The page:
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Barnes, Michael.

Erin (Ont.), Boston Mills Press, 1986. 263pp, cloth, $29.95, ISBN 0-919783-52-X. CIP

Grades 9 and up
Reviewed by Neil V. Payne

Volume 15 Number 4
1987 July

". . .pieces of native silver as big as stove lids and canon balls. . .four veins, all of which were very rich, had been found within sight of the railway," This was how Willet Miller, a professor of geology from Queen's University, described the first claims registered in the Cobalt area in 1903. Soon a full-scale mining boom was underway that opened up the wilderness of northeastern Ontario and established the Canadian mining industry.

Cobalt is important for the more than the $300 million worth of silver produced from its mines and the numerous fortunes that got started on Cobalt silver, such as William Wright who used his earnings to found the Globe and Mail. Cobalt's main contribution was as a training ground for the prospectors, miners, and others who fanned out and established numerous other mining centres in Northern Ontario and Quebec and indeed throughout Canada. It was the birthplace of modern hardrock mining in Canada.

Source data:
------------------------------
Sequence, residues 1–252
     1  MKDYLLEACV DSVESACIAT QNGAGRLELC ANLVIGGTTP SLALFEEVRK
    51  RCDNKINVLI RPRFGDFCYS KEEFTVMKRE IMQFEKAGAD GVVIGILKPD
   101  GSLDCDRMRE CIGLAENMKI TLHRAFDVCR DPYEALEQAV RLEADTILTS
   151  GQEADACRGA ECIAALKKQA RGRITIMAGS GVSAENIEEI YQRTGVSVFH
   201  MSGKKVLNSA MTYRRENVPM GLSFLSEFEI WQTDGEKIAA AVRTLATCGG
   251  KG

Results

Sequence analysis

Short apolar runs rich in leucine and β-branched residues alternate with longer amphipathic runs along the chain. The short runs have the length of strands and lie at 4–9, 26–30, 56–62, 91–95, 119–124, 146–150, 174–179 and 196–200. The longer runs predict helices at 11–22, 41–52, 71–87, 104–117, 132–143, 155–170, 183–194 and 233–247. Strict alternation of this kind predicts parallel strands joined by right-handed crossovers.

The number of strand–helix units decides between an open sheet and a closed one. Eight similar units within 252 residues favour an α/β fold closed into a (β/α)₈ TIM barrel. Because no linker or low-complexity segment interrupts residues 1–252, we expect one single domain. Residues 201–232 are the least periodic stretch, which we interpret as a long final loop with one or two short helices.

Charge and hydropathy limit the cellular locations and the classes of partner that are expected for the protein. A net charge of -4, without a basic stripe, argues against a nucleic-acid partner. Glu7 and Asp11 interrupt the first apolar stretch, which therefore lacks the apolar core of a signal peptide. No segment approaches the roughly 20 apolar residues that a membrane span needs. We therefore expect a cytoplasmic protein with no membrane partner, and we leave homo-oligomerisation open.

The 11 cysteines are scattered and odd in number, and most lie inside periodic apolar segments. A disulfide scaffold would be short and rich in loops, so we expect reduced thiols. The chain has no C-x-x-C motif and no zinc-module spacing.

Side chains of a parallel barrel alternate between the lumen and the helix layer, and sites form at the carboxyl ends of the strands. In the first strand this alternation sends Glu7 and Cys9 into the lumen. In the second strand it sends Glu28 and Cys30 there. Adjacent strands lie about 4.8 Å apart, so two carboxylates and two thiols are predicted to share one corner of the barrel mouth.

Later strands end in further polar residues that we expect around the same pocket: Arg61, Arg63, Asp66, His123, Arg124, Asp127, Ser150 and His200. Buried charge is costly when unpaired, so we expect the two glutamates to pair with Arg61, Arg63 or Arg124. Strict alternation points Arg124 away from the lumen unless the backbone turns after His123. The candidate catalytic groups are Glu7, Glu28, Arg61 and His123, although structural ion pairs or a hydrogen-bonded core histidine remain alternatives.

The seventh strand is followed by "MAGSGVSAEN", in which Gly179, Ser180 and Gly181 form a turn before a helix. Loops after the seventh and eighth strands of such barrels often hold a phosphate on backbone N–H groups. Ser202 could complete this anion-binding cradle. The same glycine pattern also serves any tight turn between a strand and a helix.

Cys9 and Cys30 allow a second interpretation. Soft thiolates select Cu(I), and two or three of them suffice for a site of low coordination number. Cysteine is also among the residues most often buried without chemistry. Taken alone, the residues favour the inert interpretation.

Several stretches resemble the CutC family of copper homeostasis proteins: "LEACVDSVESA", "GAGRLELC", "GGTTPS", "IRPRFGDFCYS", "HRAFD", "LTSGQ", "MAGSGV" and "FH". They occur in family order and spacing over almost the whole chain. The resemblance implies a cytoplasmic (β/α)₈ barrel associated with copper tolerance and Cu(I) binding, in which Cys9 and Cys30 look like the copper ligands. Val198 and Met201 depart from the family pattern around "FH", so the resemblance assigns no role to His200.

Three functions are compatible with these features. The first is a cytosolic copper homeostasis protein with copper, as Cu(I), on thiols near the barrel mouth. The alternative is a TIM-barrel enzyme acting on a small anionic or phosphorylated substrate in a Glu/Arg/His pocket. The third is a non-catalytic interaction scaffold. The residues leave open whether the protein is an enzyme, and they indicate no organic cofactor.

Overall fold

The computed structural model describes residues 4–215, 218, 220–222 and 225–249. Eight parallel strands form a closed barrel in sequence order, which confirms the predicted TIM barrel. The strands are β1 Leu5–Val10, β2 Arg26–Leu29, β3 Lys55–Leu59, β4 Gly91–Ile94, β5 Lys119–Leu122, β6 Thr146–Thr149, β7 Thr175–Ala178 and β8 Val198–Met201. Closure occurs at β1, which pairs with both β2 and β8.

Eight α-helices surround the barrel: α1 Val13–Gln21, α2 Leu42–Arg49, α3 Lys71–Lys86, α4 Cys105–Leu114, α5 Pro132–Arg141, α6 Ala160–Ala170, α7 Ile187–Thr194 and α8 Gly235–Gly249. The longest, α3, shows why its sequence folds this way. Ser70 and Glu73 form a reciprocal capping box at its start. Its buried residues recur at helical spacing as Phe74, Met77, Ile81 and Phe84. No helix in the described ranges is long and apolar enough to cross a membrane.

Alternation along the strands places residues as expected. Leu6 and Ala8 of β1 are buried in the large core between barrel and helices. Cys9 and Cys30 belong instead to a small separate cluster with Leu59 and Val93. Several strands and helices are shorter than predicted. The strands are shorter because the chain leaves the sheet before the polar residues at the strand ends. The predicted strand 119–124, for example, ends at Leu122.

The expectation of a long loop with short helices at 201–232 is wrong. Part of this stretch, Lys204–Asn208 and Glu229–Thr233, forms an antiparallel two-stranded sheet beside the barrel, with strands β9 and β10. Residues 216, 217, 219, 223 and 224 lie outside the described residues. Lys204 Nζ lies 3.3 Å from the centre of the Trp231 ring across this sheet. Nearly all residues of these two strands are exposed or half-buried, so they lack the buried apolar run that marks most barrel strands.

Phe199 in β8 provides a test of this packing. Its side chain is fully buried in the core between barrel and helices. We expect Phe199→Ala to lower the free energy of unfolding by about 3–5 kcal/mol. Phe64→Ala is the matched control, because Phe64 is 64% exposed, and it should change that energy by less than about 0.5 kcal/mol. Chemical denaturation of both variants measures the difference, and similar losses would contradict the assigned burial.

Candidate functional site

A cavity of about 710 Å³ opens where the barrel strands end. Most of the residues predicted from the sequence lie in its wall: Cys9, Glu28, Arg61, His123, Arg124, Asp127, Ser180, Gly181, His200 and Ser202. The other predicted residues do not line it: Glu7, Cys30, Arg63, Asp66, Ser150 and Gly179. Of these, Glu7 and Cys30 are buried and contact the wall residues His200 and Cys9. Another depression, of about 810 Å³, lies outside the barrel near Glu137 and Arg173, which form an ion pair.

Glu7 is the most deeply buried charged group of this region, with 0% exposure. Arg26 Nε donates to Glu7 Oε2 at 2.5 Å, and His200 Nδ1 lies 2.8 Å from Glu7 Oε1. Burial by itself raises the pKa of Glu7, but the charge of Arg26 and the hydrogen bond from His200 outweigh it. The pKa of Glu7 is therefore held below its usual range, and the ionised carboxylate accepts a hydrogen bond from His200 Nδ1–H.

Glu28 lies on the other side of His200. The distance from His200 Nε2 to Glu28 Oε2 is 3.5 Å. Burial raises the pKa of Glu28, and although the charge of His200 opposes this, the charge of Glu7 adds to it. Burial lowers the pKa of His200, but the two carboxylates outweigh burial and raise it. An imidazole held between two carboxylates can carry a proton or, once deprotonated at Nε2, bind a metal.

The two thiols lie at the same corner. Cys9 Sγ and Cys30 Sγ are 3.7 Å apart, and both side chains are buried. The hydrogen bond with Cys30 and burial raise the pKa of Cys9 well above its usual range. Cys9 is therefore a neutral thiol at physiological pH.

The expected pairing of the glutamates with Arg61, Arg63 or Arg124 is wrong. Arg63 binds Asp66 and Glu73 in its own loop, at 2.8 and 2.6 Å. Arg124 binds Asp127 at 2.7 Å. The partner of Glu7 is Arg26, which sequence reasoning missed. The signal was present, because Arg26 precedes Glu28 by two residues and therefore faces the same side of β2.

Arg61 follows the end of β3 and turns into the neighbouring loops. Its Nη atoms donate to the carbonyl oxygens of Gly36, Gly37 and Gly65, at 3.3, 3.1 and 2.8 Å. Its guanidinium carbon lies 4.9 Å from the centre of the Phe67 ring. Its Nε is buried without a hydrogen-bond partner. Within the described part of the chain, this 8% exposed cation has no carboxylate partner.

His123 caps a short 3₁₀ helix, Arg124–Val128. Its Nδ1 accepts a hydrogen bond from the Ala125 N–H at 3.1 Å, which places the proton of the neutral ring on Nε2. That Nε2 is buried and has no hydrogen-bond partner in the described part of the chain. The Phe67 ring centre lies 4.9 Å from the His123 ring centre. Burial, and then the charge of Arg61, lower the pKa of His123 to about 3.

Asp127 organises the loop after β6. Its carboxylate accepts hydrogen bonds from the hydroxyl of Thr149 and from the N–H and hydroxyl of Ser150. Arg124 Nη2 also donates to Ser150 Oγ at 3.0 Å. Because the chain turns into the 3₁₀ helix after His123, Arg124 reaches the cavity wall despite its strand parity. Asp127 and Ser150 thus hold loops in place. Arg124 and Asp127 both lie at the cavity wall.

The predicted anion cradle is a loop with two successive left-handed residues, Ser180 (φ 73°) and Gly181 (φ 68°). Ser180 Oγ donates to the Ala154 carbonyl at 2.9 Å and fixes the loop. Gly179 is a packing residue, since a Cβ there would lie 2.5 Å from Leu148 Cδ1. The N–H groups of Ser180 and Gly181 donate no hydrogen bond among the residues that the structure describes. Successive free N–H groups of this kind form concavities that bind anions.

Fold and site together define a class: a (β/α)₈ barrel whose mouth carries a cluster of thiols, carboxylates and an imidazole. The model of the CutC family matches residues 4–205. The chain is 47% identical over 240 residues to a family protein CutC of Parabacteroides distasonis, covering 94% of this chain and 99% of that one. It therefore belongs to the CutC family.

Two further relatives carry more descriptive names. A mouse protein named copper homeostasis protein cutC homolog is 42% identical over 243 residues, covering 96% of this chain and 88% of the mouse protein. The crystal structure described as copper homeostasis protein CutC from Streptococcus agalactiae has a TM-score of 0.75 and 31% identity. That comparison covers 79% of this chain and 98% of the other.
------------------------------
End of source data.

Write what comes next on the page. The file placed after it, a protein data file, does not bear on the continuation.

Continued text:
Incredible finds of gold at Porcupine and Kjrkland Lake soon after the rich silver deposits of Cobalt-finds that in each case led to numerous mines producing vast riches consistently for several decades—ensured that mining would become a mainstay of the Canadian economy instead of the fly-by-night, boom and bust, world of dreamers ii had been.

Fortunes in the Ground is basically a local history with national implications. It reads like an adventure story with lots of larger than life characters-both the winners and the losers-that made it all happen.

The book is glossy, oversized (8 1/2 x 11 inches), and profusely illustrated with pictures of the people and places described in the text. The pictures are so fascinating that many potential readers would gladly purchase the book for the pictures alone. It has a lengthy bibliography but unfortunately no index nor list of illustrations.

As a good local history, this will be a must buy for libraries in Northern Ontario. It will also be a valuable de-resource for the study of Canadian history and economic development, particularly at the high school level. Most important, students and teachers will enjoy reading the book or just looking at the pictures.

Neil V. Payne, Kingston C.V.I., Kingston, Ont.
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